Bill Collins swiveled in his leather chair to answer the ringing phone on his cluttered desk at the real estate service firm Cassidy & Pinkard. "Yes, yes. You're the next offer in the queue," he told the caller. "Hold on."
His secretary buzzed him to let him know that one of the biggest developers in town -- Raymond A. Ritchey, executive vice president of Boston Properties Inc. -- was on the other line. "Can you put him on hold?" he asked her, as he spun in his seat to answer his cell phone while balancing the black receiver on his shoulder.
Paul Collins, left, and his brother, Bill, accounted for about $1.4 billion of the $6 billion worth of the real estate sold in the region last year.
(Ricky Carioti -- The Washington Post)
Metro Business: Coverage of Washington area businesses and the local economy.
Just then his brother, Paul, whose office is next to his, tapped on the door.
"Bill, I'm heading out to the burbs," he said. He too had just juggled a flurry of phone calls. "I'm doing one out there today," he said, meaning he was closing on the sale of an office building.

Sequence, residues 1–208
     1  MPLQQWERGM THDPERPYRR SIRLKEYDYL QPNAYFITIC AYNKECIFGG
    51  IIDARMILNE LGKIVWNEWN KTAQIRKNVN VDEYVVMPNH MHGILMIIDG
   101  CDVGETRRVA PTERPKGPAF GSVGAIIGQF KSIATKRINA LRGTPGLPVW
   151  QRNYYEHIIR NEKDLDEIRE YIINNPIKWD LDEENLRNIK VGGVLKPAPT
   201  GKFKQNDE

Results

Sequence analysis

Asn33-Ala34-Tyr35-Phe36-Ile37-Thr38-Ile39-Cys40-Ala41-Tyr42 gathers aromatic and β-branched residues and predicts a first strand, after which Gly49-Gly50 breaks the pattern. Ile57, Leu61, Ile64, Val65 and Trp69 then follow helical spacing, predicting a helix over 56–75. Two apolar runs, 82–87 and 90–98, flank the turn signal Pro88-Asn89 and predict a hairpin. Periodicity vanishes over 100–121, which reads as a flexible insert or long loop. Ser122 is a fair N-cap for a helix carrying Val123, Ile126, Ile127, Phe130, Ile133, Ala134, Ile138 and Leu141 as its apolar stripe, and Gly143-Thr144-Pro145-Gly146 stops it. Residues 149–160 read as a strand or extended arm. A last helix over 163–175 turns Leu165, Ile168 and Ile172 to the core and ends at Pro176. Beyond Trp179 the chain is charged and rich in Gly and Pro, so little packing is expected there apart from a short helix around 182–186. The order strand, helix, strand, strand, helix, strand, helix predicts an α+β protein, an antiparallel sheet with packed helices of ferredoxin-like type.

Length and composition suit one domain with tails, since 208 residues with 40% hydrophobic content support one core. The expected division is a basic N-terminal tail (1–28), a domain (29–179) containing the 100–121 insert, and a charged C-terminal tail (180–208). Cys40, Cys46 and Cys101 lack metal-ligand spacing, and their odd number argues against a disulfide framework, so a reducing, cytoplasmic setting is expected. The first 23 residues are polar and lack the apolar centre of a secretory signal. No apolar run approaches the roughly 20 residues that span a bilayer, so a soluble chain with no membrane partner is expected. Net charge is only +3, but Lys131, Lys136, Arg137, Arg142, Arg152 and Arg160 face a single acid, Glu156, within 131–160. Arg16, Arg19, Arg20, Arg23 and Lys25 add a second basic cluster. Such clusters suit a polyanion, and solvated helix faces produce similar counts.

It was barely 10 a.m. and the two brothers already were immersed in the day's wheeling and dealing to sell office buildings. The pair has ranked among the top 10 sales brokers in the D.C. region for at least the last four years, according to the Greater Washington Commercial Association of Realtors, an industry trade group.
Last year, the brothers sold about $1.4 billion of the $6 billion worth of the commercial real estate sold in the Washington area. That put them in first place among about 100 brokers, the trade group said. This year, the Collins brothers said they expect to top that amount because they are selling some of the biggest and most expensive buildings in the region, including 1900 K Street and 1001 Pennsylvania Ave.
Real estate brokers are divided into three categories: those representing tenants looking for space, those representing landlords who want to fill their buildings with renters and those representing owners who want to sell. The latter is what Bill and Paul Collins do.
There aren't many siblings who work as a team, industry experts said.
Bill and Paul say they rarely make a deal without consulting each other. "You know each other," Paul said. "You can count on each other."
Bill, 48, has short, spiky hair, a salt-and-pepper goatee, and is built like a football player. Paul, 43, is slightly taller and thinner.